It is a universally accepted principle that without truth there can be no reconciliation. At our founding moment, Nelson Mandela the politician knew that to consolidate power his party would need to know the truth about the crimes of the apartheid regime. In that sense, the TRC was a critical act of intelligence gathering in which the ANC had a great deal of self-interest. At the same time, Mandela the statesman recognized that forgiveness would offer whites a powerful incentive to tell the truth and would propel the nation forward. Yet a report on reconciliation demonstrates that for white South Africans, the truth about apartheid remains elusive.
For ten days many white South Africans mourned the passing of Nelson Mandela. The scenes of grief and the outpouring of love were moving. Yet they didn’t square with recent research showing that in their daily lives, many white South Africans refuse to undertake the crucial work of reconciliation.
According to a recent survey by the Institute for Justice and Reconciliation (IJR), only 52.8% of white South Africans agree with the statement “apartheid was a crime against humanity,” compared to 70.4% of coloured, 77.1% of Indian and 80.9% of black South Africans.
The survey also shows that white South Africans are far less likely to agree with the statement that “government should provide support to victims of gross human rights violations during apartheid,” than any other race group. Only one third of white South Africans agree with the statement whereas two thirds of black, two thirds of Indian and just over half of coloured South Africans agree with the statement.
When you look at these statistics, it is easy to forget that fifteen years ago we went through a Truth and Reconciliation Commission in which many apartheid-era acts of murder, rape and torture became matters of public record.
If the IJR study is anything to go by however, many of those white South Africans who were grieving for Mandela this past week do not remember the most basic fact about apartheid and its legacy, which is that it was declared a crime against humanity by the international community in 1971, and that this declaration was buttressed by the ICC’s Rome Statute in 2002.
They suffer the innocence of the amnesiac: if no crime existed, then none of the privileges that these whites enjoy today can be traced back to an unfair racial advantage.
The fact that half of white South Africans surveyed do not ‘believe’ that apartheid was a crime against humanity says more about us as a country than a thousand photos of us clasping one another in grief.
Indeed South Africans are photogenic in moments of crisis: in election lines that snake across the country, in ecstasy as the World Cup arrives on our shores; arms wrapped around one another to mark Madiba’s passing. Yet as we go about the ordinary business of forgetting in our daily attire, we are extraordinarily unprepossessing.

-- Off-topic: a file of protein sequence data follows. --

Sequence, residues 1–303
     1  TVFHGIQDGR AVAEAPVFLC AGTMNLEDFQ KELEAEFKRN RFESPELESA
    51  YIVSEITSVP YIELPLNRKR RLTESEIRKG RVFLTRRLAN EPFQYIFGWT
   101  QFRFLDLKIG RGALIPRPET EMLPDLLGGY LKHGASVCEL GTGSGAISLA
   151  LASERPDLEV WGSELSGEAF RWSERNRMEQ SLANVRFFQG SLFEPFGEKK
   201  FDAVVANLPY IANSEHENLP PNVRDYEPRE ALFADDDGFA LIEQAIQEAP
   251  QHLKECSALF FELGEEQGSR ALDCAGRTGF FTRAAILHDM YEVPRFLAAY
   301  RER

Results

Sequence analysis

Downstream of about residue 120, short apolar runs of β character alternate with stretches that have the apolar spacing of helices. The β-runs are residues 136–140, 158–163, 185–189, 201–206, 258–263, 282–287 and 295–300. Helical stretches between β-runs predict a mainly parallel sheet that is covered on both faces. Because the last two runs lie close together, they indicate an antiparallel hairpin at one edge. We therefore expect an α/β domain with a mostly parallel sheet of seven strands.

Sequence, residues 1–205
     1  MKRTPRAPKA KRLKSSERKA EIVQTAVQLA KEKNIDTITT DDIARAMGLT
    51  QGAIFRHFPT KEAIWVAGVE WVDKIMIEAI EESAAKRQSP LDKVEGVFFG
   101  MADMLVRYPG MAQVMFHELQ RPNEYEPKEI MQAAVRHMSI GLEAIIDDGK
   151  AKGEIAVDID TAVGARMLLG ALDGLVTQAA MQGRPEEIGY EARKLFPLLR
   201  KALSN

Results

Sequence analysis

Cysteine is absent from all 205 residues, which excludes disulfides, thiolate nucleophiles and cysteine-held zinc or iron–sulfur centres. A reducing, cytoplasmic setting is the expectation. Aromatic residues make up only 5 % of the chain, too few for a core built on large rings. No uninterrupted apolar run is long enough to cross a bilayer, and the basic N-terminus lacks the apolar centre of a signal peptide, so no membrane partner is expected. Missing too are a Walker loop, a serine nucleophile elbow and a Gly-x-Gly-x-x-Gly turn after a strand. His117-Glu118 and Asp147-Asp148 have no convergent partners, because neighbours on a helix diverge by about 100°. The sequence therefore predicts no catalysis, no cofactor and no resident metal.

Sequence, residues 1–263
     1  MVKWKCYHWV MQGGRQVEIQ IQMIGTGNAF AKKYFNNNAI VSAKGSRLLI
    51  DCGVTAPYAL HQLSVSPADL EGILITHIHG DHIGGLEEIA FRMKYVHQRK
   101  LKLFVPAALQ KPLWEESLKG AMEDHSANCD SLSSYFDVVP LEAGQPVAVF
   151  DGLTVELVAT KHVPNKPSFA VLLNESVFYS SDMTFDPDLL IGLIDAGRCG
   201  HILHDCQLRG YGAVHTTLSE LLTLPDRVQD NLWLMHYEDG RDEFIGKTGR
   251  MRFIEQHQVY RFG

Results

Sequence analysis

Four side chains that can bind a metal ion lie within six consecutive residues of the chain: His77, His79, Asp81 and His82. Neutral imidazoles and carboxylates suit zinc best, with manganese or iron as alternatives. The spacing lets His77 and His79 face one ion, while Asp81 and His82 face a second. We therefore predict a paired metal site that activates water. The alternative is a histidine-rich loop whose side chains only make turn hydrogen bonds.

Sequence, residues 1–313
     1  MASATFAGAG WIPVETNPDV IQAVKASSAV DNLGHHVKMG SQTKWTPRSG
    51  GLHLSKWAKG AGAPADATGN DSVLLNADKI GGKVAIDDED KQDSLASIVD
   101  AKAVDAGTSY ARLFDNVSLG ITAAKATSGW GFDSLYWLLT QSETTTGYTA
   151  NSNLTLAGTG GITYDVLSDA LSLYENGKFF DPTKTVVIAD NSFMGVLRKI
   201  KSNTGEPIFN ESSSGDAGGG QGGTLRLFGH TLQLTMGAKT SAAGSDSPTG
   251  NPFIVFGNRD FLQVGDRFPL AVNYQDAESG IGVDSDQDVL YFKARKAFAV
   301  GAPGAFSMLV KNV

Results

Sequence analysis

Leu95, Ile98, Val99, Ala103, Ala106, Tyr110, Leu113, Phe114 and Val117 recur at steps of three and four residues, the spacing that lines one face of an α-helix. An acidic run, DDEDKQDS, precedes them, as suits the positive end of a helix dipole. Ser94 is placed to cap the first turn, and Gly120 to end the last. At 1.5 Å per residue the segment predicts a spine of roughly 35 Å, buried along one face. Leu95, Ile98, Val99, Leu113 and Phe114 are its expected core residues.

The writer Teju Cole notes that “the torturer cannot forgive the tortured for having been tortured.” The anger that many white people demonstrate towards black people – over affirmative action in particular – speaks to this fact. They are angry because they are guilty.
Yet as Sandile Dikeni suggested in 1996, the flip side of this is the phenomenon by which some whites will “kill you if you don’t forgive…They’ll hug you to death, and you don’t have an option” but to hug them back or forgive them or give them whatever it is that they need. There is something about this sorry-ness that is self-indulgent, that cares more about the torturer than the tortured.
Speaking to one another across two decades, Cole and Dikeni nail the dilemma of reconciliation on the head. In our country there is either the brute denial of culpability evidenced in Cole’s words and in the IJR barometer, or there is the contrition that Dikeni mocks – self indulgent, petulant, aggrieved even.
In the immediate aftermath of apartheid, ordinary white people became full and equal citizens without having to issue any personal apologies to black people whom they had wronged. Their participation in the new system, their use of the same queues and toilets and beaches as black people, indeed their refusal to leave the country even as millions of others headed for Australia and the UK and America, indicated that they were worthy of forgiveness.
In the end however, even the basic objective of the TRC – to establish the truth – seems to have evaded our country. Just as it was twenty years ago, at the dawn of our new democracy, the truth is once again contested. The crimes of the past have disappeared from the minds of some among us.
White people reading this may be asking what choices they have then. If contrition is not good enough, and if impunity and denial are also unacceptable, then how are white South Africans to behave?
In its final report, the TRC “affirms its judgment that apartheid, as a system of enforced racial discrimination and separation, was a crime against humanity … At the same time, the Commission acknowledges that there are those who sincerely believed differently and those, too, who were blinded by their fear of a Communist ‘total onslaught.”
Richly complex and generous, the sentence says it all. Perhaps, as the Commission did, we might begin by letting those who were blinded by their fear admit to this. Perhaps we might begin with the simple truth, told neighbour to neighbour, colleague to colleague, friend to friend. Unscripted, with no cameras and no world watching. Perhaps we might begin with the simple complicated truth. DM